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"-play with my-some rich jewel"-So the old copy, but omitting the dash. Stevens understands "my some rich jewel" to mean, 'some rich jewel of my own;" but it is more natural to suppose that Malvolio, having mentioned his watch, then a rarity, wishes to enumerate some other valuable in his possession, and pauses after "or play with my," following it up with the words some rich jewel;" not being able on the sudden to name any one in particular.

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her great P's."-" In the direction of the letter, which Malvolio reads, (says Stevens,) there is neither a C nor a P to be found." To this Ritson ingeniously answers, "From the usual custom of Shakespeare's age, we may easily suppose the whole direction to have run thus: To the Unknown belov'd, this, and my good wishes,' with Care Present."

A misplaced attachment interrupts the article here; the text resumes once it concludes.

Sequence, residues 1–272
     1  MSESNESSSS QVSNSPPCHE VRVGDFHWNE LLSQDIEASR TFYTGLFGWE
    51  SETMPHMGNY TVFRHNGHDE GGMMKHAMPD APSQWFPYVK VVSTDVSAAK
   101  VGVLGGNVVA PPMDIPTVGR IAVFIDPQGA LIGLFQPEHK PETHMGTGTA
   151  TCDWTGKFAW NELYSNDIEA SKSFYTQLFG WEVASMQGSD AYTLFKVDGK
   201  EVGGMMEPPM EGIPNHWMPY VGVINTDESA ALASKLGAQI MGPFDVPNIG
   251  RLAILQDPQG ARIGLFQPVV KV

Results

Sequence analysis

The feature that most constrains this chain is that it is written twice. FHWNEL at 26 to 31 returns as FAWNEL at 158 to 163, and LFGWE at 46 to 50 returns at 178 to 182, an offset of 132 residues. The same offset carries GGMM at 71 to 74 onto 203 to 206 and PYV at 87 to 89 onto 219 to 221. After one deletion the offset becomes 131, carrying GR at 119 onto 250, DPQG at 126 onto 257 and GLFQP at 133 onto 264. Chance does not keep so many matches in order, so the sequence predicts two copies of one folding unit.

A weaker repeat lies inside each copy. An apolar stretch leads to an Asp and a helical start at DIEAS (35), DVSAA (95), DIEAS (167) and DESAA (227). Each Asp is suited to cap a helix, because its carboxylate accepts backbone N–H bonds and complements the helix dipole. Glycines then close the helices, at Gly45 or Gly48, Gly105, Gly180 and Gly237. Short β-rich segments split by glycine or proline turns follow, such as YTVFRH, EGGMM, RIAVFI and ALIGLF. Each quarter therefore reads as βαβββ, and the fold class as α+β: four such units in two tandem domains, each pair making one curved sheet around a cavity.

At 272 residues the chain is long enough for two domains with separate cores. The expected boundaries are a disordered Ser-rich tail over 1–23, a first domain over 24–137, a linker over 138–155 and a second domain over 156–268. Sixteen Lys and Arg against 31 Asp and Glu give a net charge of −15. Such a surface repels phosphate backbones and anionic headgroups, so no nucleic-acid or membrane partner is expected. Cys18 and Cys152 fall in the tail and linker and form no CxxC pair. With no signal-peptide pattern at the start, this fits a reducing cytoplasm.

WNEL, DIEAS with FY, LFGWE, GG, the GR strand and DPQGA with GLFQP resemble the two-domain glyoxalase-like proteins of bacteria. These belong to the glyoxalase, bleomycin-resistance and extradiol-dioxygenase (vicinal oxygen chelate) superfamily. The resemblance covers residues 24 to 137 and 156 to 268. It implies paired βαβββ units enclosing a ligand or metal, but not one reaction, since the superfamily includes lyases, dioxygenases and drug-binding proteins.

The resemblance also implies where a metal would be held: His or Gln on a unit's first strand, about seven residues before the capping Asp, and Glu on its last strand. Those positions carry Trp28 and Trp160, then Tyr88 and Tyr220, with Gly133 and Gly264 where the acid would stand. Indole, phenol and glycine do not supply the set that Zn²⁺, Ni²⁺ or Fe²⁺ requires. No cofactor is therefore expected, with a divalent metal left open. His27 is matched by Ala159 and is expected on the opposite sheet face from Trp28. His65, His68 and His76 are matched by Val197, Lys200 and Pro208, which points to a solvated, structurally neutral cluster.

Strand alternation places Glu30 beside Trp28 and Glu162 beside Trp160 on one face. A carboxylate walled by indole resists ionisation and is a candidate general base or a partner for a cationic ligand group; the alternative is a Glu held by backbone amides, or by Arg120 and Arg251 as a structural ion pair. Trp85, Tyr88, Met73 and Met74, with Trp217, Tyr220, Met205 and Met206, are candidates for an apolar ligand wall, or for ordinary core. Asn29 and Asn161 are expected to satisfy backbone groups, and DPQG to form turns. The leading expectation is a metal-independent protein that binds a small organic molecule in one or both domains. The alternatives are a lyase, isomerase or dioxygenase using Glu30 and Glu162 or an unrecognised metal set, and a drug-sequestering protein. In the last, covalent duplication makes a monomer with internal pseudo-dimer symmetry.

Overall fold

46 wax.

x-Soft"-Malone contends that the word "Soft" applies to the wax, and is not an exclamation; Stevens shows that the wax used for letters, at this period, was not commonly "soft." There can be no doubt that "soft" here is to be taken exactly in the same sense as "softly!" and "soft!" used by Malvolio afterwards.

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any FORMAL capacity"-i. e. Any one in his senses-not deranged. So, "a formal man," in the COMEDY OF ERRORS.

"SoWTER will cry"-" Sowter" is used for the name of a dog, which, having found the scent, gives tongue. Fabian afterwards carries on the allusion: "the cur is excellent at faults."